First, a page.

Positive Fish and Game/ a Federated Farmers

Building Positive Working Relationship 


To:       Fish & Game Regional Council Chairs 

               Federated Farmers Provincial Presidents   

Positive Fish and Game/ a Federated Farmers Working Relationship

            You will be aware of the discussions Federated Farmers and NZ Fish & Game have been having at the national level.

We have been building a positive working relationship nationally where we can share information, discuss issues, identify and work on problems, and make a phone call when we perceive a need or have something to work on.

We are completely aware we will not agree on everything, but if and when we do disagree, we have agreed to do so with respect for each other's position, without acrimony and at all times seeking to understand and respect the other party's view. This is a start to repairing a positive working relationship — somewhat fallen into disrepair in recent times.

Both our National Councils commend the building of relationships between our respective organisations at a regional/provincial level. This will be particularly important not only with respect to regional and district plans but also in working together on on-the-ground initiatives involving local Fish & Game personnel, farmers and community groups.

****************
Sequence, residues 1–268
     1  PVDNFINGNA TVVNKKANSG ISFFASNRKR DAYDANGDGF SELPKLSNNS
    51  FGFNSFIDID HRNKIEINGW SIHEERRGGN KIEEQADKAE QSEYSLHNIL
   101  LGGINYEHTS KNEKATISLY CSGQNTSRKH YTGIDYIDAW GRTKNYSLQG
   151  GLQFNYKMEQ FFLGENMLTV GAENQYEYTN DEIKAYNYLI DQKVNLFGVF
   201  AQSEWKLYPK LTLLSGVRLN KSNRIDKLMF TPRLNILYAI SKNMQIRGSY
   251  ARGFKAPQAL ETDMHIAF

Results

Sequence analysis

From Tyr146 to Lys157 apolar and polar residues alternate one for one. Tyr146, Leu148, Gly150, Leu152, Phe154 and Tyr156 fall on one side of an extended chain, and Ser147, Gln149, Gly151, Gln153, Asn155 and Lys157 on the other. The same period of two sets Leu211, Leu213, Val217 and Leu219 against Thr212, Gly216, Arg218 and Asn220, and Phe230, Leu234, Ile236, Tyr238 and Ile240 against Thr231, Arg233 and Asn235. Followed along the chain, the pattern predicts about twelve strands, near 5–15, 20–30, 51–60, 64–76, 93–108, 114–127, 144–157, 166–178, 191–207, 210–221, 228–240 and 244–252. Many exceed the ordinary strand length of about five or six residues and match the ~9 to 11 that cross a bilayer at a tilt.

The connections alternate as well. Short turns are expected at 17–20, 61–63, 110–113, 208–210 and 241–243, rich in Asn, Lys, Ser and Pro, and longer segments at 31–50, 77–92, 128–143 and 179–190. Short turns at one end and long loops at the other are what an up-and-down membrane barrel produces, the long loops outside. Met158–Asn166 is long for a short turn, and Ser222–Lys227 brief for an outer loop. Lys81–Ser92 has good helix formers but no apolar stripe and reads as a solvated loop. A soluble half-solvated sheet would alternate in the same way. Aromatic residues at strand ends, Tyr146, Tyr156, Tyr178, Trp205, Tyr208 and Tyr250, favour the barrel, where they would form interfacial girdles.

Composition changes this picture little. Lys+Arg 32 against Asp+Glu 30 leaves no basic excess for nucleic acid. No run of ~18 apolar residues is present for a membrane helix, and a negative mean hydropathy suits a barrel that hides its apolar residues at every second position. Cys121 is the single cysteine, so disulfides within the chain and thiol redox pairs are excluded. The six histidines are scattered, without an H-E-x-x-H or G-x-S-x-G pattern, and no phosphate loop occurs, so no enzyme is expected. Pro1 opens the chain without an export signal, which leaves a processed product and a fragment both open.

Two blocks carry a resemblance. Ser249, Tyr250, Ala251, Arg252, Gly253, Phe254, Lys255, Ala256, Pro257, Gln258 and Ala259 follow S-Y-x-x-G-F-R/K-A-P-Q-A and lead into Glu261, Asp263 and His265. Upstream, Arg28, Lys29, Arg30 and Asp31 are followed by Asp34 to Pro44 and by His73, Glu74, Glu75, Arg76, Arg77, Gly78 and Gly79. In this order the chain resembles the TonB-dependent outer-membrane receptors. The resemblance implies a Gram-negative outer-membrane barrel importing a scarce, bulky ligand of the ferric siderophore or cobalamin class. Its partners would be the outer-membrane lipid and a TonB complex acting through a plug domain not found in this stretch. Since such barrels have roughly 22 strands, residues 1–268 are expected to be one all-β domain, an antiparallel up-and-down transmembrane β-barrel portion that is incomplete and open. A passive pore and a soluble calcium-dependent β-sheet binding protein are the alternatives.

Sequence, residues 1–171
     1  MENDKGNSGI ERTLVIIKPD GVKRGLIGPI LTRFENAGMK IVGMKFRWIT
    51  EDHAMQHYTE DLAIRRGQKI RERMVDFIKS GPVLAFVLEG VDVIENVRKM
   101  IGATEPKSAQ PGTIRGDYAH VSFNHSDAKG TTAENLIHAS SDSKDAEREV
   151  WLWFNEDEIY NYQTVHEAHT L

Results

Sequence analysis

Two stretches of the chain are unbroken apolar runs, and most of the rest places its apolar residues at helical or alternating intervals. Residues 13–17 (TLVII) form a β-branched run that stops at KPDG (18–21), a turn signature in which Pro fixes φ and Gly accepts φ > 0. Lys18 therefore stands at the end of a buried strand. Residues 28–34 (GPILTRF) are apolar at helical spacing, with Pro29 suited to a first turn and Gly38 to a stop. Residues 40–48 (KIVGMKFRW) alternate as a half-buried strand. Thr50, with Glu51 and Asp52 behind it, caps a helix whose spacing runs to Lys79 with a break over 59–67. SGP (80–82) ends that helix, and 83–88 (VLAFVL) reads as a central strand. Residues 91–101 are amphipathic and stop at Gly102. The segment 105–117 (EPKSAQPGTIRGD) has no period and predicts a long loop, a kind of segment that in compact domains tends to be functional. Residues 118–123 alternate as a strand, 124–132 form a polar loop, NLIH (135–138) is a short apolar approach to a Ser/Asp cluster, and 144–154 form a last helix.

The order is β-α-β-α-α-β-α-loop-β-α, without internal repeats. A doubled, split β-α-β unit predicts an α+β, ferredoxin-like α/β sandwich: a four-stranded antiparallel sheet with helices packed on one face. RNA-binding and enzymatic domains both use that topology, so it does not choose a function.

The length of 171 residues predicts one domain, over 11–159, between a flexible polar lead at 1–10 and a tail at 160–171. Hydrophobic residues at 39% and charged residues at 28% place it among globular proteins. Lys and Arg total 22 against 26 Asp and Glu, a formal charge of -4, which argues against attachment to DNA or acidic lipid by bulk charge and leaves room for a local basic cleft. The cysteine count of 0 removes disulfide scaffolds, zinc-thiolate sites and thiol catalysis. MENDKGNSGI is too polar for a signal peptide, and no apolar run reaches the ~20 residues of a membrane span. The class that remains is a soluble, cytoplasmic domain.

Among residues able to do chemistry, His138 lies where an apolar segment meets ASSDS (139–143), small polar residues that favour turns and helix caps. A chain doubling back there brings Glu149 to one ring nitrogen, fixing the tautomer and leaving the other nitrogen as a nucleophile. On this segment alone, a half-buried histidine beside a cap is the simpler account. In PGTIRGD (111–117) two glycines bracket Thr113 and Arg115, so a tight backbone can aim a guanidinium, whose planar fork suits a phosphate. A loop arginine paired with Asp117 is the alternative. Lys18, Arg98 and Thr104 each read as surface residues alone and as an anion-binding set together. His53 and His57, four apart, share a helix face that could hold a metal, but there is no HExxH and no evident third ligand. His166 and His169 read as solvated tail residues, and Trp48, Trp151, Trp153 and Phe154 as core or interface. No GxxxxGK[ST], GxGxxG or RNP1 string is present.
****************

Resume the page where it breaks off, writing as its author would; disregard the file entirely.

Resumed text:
To that end attached is a spreadsheet showing relevant contact details for you to follow up when you are able. We understand that many of you have already held productive regional/provincial meetings.

There has been 150 years of relationships between farmers, game bird hunters and anglers. Many lifelong friendships have been made. Sure, there are always hiccups, but in the big picture we see relating to each other as organisations sets the right kind of message for our members to do the same.

Kind regards

Ray Grubb                                                            Andrew Hoggard

Chair                                                                      National President

NZ Fish and Game Council                 Federated Farmers of NZ (Inc)

Modify your subscription    |    View online
Feds under the Bed.
In a letter to the Secretary these  questions were raised by Ray Grubb's "love affair" with Federated Farmers
Hi Rex,
  1. Were the region asked if they supported getting closer to the Feds?
  2. Did the NZ Council have an open debate about what impact this would have on public advocacy positions?